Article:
They tend to marry religious fundamentalism with extreme nationalism. Iran is the prominent case in point, so is the Muslim Brotherhood movement in the leadership of countries in the Maghreb and, for a time, in Egypt. While militarily weak, some of these countries sponsor and support terrorism. Terror has become the lethal weapon of the weak and the fanatic, be it in Afghanistan or Lebanon.
Even within these groups and countries, there are expressions of tactical pragmatism, generally out of economic self-interest, which is reflected in the rhetoric of President Hassan Rohani of Iran.
This pragmatism may lead to deals on curbing the development of weapons of mass destruction, but will not release these countries from fanatic isolation.
The international system acts today between the international process of globalization, based on universal values of civil liberties and democratization, free trade and peaceful coexistence and the process of religious and nationalistic extremism, built on the rejection of the other. It’s a tension between progress and backwardness.
The Middle East in general, including its most important countries, Egypt and Israel, must choose to which process to belong. This is up to both leaderships and peoples.
As to Egypt, the outbreak of the Arab Spring in Tahrir Square brought great promise for democratization.
But later the revolution was kidnapped by the Muslim Brotherhood, which attempted to establish a theocracy rather than a democracy and failed to meet the economic expectations of the Egyptian people. The army, which stands traditionally by the people, intervened and will most probably orchestrate a political compromise between seculars and Islamists, with the center of power remaining in its own hands.
This is not a return to the days of Mubarak, but part of a prolonged process, spurred by the Egyptian middle class, mainly the young, who demand in the squares and the social networks, change toward a more open society and a better economy.
These young Egyptians, who are very patriotic, understand that Egypt, with all its pride and Arab leadership role, should be part of the globalized world. They aspire to better education and employment. For that, a good economic relationship with the West is absolutely essential, as is upholding the peace treaty with Israel. Therefore one can assume that the Arab Spring is not over.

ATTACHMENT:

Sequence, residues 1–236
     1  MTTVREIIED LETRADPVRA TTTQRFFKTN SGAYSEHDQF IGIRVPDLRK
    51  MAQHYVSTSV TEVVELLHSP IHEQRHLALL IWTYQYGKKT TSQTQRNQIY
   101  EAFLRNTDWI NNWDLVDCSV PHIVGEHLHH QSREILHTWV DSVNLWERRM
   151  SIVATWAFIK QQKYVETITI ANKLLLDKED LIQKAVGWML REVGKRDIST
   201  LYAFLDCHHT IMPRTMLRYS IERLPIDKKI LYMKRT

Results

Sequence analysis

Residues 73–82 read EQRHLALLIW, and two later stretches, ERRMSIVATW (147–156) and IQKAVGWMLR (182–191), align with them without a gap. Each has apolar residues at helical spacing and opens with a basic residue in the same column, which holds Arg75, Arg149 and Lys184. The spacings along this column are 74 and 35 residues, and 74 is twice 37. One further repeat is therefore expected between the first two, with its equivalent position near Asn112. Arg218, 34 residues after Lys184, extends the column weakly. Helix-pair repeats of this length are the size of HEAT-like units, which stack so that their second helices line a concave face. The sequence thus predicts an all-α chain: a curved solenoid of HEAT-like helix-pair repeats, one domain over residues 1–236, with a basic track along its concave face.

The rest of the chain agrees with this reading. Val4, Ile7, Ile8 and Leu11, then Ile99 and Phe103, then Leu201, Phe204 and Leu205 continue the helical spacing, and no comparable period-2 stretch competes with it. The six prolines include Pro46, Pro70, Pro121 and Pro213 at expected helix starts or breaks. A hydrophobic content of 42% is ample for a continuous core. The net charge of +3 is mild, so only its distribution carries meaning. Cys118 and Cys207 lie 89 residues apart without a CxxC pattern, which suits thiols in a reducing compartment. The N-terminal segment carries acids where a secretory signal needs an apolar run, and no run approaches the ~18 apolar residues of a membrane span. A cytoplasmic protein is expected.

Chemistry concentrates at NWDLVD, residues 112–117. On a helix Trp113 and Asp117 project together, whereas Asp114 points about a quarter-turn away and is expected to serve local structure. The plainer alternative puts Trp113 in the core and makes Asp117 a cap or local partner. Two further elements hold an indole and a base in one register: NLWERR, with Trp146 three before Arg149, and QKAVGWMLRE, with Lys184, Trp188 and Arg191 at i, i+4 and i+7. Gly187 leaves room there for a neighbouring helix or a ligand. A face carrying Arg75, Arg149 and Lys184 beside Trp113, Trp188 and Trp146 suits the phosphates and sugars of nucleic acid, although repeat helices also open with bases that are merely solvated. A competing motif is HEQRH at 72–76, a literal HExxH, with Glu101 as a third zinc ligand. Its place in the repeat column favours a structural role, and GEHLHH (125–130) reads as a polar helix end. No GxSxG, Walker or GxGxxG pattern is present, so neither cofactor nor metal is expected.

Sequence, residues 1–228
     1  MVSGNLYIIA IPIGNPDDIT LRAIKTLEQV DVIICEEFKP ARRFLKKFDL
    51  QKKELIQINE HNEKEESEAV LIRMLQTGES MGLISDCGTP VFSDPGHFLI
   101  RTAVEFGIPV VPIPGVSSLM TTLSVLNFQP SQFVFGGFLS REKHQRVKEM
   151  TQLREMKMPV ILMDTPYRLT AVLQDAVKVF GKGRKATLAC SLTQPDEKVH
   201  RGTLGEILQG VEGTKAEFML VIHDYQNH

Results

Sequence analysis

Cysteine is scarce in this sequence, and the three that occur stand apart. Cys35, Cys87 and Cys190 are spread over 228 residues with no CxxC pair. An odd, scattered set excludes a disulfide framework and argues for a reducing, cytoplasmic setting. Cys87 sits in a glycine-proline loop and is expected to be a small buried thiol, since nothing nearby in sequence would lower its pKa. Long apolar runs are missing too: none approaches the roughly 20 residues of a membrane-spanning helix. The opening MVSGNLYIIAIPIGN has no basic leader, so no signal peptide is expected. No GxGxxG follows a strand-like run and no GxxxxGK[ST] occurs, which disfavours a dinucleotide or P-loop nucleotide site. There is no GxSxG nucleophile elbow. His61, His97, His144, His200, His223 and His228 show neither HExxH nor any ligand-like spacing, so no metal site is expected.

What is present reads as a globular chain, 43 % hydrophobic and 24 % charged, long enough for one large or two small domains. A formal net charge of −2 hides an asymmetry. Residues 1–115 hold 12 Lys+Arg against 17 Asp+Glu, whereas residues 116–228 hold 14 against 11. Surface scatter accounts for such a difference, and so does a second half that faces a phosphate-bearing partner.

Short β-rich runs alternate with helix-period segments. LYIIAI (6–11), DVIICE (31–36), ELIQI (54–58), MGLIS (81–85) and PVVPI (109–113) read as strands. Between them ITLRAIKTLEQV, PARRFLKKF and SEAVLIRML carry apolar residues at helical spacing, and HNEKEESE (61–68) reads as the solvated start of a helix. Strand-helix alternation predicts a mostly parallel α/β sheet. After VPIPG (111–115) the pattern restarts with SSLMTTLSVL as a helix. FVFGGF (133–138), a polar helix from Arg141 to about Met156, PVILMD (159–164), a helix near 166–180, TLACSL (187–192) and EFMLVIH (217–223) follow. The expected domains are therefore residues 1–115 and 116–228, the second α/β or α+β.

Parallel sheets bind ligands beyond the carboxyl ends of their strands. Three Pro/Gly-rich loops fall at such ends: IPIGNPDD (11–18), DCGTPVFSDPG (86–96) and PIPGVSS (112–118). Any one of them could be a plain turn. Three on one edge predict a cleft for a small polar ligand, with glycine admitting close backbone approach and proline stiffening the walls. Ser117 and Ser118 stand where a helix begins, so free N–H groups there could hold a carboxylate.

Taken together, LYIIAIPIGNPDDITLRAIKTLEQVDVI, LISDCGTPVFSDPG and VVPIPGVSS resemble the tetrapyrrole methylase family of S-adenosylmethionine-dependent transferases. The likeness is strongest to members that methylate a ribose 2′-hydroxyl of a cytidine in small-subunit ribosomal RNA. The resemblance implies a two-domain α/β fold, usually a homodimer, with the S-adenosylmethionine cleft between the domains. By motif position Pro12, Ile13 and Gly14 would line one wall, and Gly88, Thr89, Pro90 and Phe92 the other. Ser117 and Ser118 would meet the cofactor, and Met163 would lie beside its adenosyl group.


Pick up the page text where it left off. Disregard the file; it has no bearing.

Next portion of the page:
We are witnessing a prolonged period in which the process of democratization clashes with the process of Islamization. It’s not the generals and the mullahs who will decide the future of Egypt, but its young generation (60% of the population) who want a more free and prosperous Egypt. Like many revolutions in history, it may be a long process, which must be understood by those who care for Egypt and its stability.
Israel, too, finds itself at a crossroads. Within our political system and society we also have two conflicting visions – one of a nationalist right-wing religious view, opposing compromise with the Palestinians, and thriving on the view of an isolated Jewish state within the walls of xenophobic beliefs. The other is a more prevalent liberal and secular view of Israel, making peace with an independent Palestinian state, protecting an all-important democratic system and opening itself to necessary and good relations with the world and living in harmony with universal values.
Our Palestinian neighbors, too, are grappling with a fundamental dilemma – a religious Hamas-like state in eternal conflict with Israel, secluded from the Western world, or a more democratic state with a market economy, open to Israel and the world.
The peace process between us will depend on the outcome of these two internal conflicts. If those who presume to speak in Arabic or Hebrew in the name of God have the upper hand, both of us are doomed to live in violent conflict as pariah states.
If moderate pragmatism wins, there will be a two state solution, providing each of us with relative security and prosperity, also in cooperation with the world’s leading countries. The Middle East peace process began with Anwar Sadat’s visit to Jerusalem, followed by the peace treaty with Egypt, the Oslo Accords and the peace treaty with Jordan. It is now a process of breakthroughs and breakdowns of more than 30 years. Its continuation and ultimate fruition depends both on the leaderships and on the peoples, mainly of Israel and Palestine.
In the modern age, with time and with process, it is mostly the hearts and minds of the people who determine the destinies of countries. Therefore we can assume that this process will ultimately lead to a destination of accommodation and peace. The length and difficulty of the process depends on the courage of leaders to guide their countries to the necessary political compromises and to be part of the family of nations of globalization rather than of fundamentalism.
As John F. Kennedy once said: “Peace is a daily, a weekly, a monthly process, gradually changing opinions, slowly eroding old barriers, quietly building new structure.”
Indeed.The writer is president of the Peres Center for Peace and served as Israel’s chief negotiator for the Oslo Accords.